Christmas Champagne Cocktail

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(c) 2010 Sarah Mennie.  All rights reserved.  

If you’re like us here at House of Bourbon HQ, right now you’re spending Advent Sunday sat by the fire, basking in the glow of your Christmas tree, listening to some Christmas music and wrapping presents or Christmas shopping (depending on your level of organisation).

If so, you need just the right drink to celebrate having Christmas totally under control, and nothing says celebration quite like the Champagne Cocktail – especially given this festive twist.  That’s right, this is the first of our Advent Sunday drinks making use of the mince pie cognac we made earlier this week:

  1. Sploosh a dash of bitters on a sugar cube and drop into a chilled champagne flute.
  2. Add 10ml of mince pie cognac and then fill the glass with chilled champagne.

Serve and smile. What do you mean it’s just us?

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Christmas in the Square

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This recipe came to me via @thecocktailgeek. His enthusiasm for it was so palpable: “the best drink I’ve had all year” that not only did it convince me (an averred mulled wine avoider) to purchase a bottle of Professor Cornelius Ampleforth’s Christmas Mulled Cup and add it to pretty much every drink I made this month, it also drove me back into the arms of a trusty old favourite – the Vieux Carré.

The recipe was also featured last week on @MasterofMalt’s excellent #masterofcocktails series, so I’m a little late to the game with this, but boy is it a good one:

  1. Combine equal parts whiskey, cognac and sweet vermouth, half a measure of Christmas Mulled Cup and a sploosh of Peychaud’s bitters in a mixing glass.
  2. Add ice and stir well for sixty seconds.
  3. Strain into a chilled old fashioned glass, over ice.
  4. Garnish with a twist of orange peel (Christmas tincture optional).

Sidecar

Photo courtesy of Finger Food, some rights reserved.

The Sidecar is often considered to be the perfect beginner’s drink, so I am somewhat ashamed to make it the thirty-third entry at House of Bourbon.  In my defence, I am not much of a cognac consumer (outside of a Vieux Carré or Sazerac of course), so I have taken my time to get to this World War I classic.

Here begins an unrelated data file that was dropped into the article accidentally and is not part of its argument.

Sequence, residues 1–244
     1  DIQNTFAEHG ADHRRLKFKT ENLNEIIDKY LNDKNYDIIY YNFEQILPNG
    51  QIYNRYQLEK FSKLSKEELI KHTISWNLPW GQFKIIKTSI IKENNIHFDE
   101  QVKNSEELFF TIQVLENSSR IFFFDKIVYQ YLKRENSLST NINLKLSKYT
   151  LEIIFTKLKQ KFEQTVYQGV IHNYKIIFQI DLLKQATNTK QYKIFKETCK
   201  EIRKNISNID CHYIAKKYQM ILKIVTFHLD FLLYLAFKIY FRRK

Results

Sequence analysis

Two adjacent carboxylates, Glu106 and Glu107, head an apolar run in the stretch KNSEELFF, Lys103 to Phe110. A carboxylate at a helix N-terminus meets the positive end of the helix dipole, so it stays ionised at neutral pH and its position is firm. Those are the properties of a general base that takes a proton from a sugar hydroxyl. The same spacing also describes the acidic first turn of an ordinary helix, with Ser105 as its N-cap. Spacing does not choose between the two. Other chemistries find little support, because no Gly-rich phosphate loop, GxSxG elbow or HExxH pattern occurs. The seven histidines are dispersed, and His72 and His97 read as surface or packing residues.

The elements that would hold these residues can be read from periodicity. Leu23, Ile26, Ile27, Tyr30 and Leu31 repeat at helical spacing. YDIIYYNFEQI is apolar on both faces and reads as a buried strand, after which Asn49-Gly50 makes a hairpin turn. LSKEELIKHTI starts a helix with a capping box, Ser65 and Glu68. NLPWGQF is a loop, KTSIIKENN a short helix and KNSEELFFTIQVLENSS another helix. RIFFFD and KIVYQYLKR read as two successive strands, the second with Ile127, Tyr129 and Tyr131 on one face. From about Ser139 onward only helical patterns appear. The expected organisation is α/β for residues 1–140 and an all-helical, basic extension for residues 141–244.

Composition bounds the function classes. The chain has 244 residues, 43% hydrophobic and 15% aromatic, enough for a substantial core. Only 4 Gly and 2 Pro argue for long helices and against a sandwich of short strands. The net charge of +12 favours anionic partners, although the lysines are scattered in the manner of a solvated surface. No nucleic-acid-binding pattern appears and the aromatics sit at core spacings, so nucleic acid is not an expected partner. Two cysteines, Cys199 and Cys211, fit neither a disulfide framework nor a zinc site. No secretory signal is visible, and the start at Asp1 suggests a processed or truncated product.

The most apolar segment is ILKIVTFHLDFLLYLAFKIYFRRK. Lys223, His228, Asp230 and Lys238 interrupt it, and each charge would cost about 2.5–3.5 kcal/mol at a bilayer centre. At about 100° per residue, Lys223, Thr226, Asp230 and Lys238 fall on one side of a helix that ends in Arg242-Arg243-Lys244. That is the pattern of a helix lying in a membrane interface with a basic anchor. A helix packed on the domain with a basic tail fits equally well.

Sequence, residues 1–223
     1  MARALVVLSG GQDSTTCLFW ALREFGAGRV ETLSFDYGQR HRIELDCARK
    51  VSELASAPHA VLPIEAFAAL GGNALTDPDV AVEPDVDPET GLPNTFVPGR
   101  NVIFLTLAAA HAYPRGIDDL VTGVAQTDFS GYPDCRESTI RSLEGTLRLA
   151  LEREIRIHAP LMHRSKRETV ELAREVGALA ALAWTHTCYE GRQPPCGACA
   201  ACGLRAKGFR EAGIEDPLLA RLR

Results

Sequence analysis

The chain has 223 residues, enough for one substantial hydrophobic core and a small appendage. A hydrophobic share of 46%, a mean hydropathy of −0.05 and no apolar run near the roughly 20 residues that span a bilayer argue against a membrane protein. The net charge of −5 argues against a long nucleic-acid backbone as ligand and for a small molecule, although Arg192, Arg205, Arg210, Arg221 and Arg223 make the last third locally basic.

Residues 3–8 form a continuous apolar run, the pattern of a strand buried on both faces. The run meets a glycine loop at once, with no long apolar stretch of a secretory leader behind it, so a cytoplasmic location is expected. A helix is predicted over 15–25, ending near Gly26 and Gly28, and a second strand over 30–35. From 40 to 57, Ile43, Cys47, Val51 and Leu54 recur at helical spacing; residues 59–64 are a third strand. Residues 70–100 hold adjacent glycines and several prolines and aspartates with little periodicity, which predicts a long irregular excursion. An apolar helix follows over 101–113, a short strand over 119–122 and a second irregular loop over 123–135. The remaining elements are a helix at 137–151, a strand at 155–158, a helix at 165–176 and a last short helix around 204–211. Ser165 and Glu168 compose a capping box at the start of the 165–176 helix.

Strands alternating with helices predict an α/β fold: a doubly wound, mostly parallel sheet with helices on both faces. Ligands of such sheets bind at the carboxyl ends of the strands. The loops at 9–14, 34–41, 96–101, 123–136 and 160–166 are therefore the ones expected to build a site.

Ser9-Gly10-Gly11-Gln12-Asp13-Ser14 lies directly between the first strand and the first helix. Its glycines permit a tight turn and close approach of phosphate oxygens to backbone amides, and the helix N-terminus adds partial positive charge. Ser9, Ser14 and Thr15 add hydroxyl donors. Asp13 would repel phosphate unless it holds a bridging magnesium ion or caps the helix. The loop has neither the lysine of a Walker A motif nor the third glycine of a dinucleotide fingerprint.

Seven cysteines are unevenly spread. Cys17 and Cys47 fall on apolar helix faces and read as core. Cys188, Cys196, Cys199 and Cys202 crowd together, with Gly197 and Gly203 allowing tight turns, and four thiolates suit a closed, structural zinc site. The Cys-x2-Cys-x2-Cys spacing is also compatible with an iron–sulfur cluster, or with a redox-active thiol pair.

The drink is attributed to either the Ritz Hotel, or Harry’s Bar, in Paris, where it is said a wartime captain was often deposited at the bar fresh from the sidecar of a motorcycle.  He ordered the drink that would come to be known as the sidecar as a pre-dinner revitaliser, and from that day on, the Sidecar has been a staple of many menus.

A slightly sour drink that has in times gone by been enhanced (desecrated?) by the addition of a sugared rim, the Sidecar is complex enough to be interesting, but simple enough to be easily mastered.  You proceed as follows:

  1. Add a large measure of brandy, a measure of triple sec and a measure of lemon juice to a shaker of ice.
  2. Shake well and double strain into a martini glass.
  3. Garnish with a twist of lemon.

Vieux Carré

Photo courtesy of directorebeccer, some rights reserved.

The Vieux Carré, literally “old square”, is named after the French district of New Orleans where it was invented, by barman Walter Bergeron, in 1938.  Bergeron was working at the Hotel Monteleone, a spectacular Beaux-Arts style hotel, now famous for its rotating Carousel Bar.  Although the Vieux Carré pre-dates the revolving bar, something about its name or story always puts me in mind of the fun fair.

A close cousin of both the Sazerac and the Manhattan, the Vieux Carré is naturally one of my favourites and one of the few times you will see me reaching for a bottle of brandy.  The cocktail uses Benedictine as a sweet base, then combines rye whiskey and cognac, and can be served with an absinthe rinse to create a Louisiane.

To make your Vieux Carré:

  1. Take an old fashioned glass and add half a teaspoon of Benedictine, a dash of Peychaud’s, Angostura and any other bitters that takes your fancy.
  2. Add equal parts rye, cognac and sweet vermouth.
  3. Add ice and stir.
  4. Garnish with a twist of lemon.

Variations include the use of dry vermouth instead of sweet, the aforementioned absinthe rinse, and alterations to the balance of rye, cognac and vermouth.

Aviation

Photo courtesy of ReeseCLloyd, some rights reserved

My post on The Bitter Truth’s fantastic Cocktail Bitters Traveller’s Set has already referred to the golden age of travel.  This drink is another that brings to mind images of the glory days of Pan Am and luxury air travel.

The Aviation was an ideal at-seat serve as you drift along at hundreds of miles an hour above the clouds with not a care in the world – a million miles away from the modern pile ’em high approach to air travel.  The origins of the Aviation are unknown, but it was first published in Hugo Ensslin’s Recipes for Mixed Drinks, a 1916 guide to the drinks served in New York’s Hotel Wallick.

The Aviation is effectively a tune up of the Gin Sour (gin, lemon juice, sugar) with a sweetening hit of maraschino.  The traditional recipe went as follows:

  1. Add a large measure of gin, the juice of half a lemon, a barspoon of maraschino and a barspoon of crème de violette to a shaker of ice.
  2. Shake well and strain into a martini glass.
  3. Garnish with a cherry (or twist of lemon peel).

This recipe creates a delightfully sour drink with a hint of blue sky courtesy of the crème de violette.  However, my homebar is, as yet, lacking a bottle (it’s on the list) so I prefer the modern version which excludes the hard to find violet-brandy liqueur.